Cash-strapped American families want to know whether college is worth the money. The answer? It depends.
It depends on what kind of institution you attend (most four-year degrees are worth more than two-year degrees), what you study (earnings vary dramatically by choice of major), and how much you pay to complete a degree (lower-priced public colleges may provide the most bang for the buck). And all of this may depend on which institution you attend.
If the people purchasing higher education knew the answers to these questions before enrolling, we’d have a true higher education market. But while the stakes of the college choice have never been higher, the market is as opaque as ever on measures of quality and value. What major is most likely to land me a job with a middle-class wage? How does the success of graduates from that program differ across institutions? The data needed to answer these questions—measures of postsecondary enrollment and labor market outcomes—do exist, but they are often locked away and kept separate from one another. This firewall stunts the market and keeps prospective students in the dark.
But there are signs that this curtain may soon be raised. Yesterday at AEI (and in a USA Today op-ed), Senators Ron Wyden (D-OR) and Marco Rubio (R-FL) discussed a far-reaching, bipartisan proposal to collect new data on how college graduates fare in the labor market. The proposal, introduced in the Senate as the Student Right to Know Before You Go Act, would match up individual-level educational data with information on employment and earnings that is currently collected as part of the unemployment insurance program. The bill calls on states to match up these data, measure student outcomes, and make them publicly available. For the first time, prospective consumers would have access to information on post-graduation average annual earnings, rates of remediation and graduation, and average debt accumulated. This information would be available down to the program and institution level, enabling students to compare outcomes for a single major across multiple colleges, or vice versa.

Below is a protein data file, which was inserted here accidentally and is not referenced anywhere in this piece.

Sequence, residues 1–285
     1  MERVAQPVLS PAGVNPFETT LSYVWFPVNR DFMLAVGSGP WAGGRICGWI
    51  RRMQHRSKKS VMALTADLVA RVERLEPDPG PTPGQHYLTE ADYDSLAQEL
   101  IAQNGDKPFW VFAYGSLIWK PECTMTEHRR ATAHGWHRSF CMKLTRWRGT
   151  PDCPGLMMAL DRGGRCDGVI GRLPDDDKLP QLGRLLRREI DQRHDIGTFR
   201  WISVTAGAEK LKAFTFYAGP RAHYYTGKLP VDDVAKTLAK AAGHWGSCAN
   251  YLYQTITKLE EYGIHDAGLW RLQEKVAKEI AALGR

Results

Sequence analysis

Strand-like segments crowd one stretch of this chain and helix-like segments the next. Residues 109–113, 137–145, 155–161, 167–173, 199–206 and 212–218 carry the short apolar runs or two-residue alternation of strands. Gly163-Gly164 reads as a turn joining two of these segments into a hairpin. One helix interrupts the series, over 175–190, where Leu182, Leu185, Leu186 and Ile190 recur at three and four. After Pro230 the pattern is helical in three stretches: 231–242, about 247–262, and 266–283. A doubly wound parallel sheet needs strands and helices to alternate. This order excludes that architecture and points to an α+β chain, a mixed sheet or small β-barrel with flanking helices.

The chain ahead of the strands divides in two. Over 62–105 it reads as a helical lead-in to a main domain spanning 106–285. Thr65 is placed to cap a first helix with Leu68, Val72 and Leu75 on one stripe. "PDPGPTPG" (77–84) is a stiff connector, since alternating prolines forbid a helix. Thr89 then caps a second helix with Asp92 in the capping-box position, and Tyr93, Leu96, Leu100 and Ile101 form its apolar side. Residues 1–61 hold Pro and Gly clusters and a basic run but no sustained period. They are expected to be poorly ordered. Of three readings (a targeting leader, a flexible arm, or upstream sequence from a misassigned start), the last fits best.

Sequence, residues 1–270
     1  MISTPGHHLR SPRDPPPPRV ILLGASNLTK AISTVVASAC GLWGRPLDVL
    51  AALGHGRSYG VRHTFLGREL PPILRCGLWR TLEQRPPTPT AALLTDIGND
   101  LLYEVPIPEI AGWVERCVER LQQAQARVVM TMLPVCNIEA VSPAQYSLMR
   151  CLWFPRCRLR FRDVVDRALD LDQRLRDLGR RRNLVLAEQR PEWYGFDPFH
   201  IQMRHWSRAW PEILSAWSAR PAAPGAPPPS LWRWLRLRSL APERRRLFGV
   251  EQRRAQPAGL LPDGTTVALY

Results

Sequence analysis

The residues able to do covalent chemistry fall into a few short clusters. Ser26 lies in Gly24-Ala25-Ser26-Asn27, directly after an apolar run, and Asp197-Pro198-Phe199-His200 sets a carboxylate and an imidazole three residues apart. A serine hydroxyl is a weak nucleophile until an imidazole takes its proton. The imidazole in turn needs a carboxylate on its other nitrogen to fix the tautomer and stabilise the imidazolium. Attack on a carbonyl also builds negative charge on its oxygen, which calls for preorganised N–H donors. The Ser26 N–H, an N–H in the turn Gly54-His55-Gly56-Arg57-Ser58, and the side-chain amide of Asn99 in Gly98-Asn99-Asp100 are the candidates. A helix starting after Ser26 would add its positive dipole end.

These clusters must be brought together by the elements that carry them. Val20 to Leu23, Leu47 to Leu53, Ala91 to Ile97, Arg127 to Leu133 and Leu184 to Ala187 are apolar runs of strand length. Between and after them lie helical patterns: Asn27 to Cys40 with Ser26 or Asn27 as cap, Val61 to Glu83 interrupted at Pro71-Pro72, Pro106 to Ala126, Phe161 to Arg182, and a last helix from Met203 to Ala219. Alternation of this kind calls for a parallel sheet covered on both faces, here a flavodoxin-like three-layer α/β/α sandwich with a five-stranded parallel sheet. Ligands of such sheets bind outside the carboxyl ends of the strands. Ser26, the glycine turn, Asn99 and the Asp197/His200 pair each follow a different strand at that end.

The kicker? The federal government has already paid states to collect these data. On the education side, the feds have invested $500 million to create state longitudinal data systems, but most of this information is languishing in so-called “data warehouses.” On the labor market side, the federal government pays all of the administrative costs of running the joint federal-state unemployment compensation program.
Colleges and universities will object to these measures, claiming that they do more than prepare graduates for jobs and reverting to tried and true privacy arguments. But transparency is on the march in higher education, with a bipartisan pair of senators leading the way.